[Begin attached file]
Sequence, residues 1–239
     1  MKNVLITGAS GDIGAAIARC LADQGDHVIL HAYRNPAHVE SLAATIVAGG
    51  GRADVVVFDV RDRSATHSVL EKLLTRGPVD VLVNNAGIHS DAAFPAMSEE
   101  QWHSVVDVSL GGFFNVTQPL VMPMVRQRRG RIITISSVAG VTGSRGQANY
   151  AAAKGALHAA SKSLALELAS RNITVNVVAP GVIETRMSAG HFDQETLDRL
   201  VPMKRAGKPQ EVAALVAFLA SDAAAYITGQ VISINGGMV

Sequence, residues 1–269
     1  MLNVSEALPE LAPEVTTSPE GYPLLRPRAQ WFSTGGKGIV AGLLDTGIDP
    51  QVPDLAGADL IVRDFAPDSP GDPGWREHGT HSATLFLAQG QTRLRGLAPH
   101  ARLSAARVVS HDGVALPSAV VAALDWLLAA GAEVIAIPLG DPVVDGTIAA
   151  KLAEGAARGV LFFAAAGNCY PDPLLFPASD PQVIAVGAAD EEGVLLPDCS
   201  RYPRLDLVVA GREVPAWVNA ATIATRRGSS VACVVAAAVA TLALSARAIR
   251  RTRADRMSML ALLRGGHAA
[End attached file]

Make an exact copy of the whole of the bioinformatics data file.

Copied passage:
Sequence, residues 1–239
     1  MKNVLITGAS GDIGAAIARC LADQGDHVIL HAYRNPAHVE SLAATIVAGG
    51  GRADVVVFDV RDRSATHSVL EKLLTRGPVD VLVNNAGIHS DAAFPAMSEE
   101  QWHSVVDVSL GGFFNVTQPL VMPMVRQRRG RIITISSVAG VTGSRGQANY
   151  AAAKGALHAA SKSLALELAS RNITVNVVAP GVIETRMSAG HFDQETLDRL
   201  VPMKRAGKPQ EVAALVAFLA SDAAAYITGQ VISINGGMV

Sequence, residues 1–269
     1  MLNVSEALPE LAPEVTTSPE GYPLLRPRAQ WFSTGGKGIV AGLLDTGIDP
    51  QVPDLAGADL IVRDFAPDSP GDPGWREHGT HSATLFLAQG QTRLRGLAPH
   101  ARLSAARVVS HDGVALPSAV VAALDWLLAA GAEVIAIPLG DPVVDGTIAA
   151  KLAEGAARGV LFFAAAGNCY PDPLLFPASD PQVIAVGAAD EEGVLLPDCS
   201  RYPRLDLVVA GREVPAWVNA ATIATRRGSS VACVVAAAVA TLALSARAIR
   251  RTRADRMSML ALLRGGHAA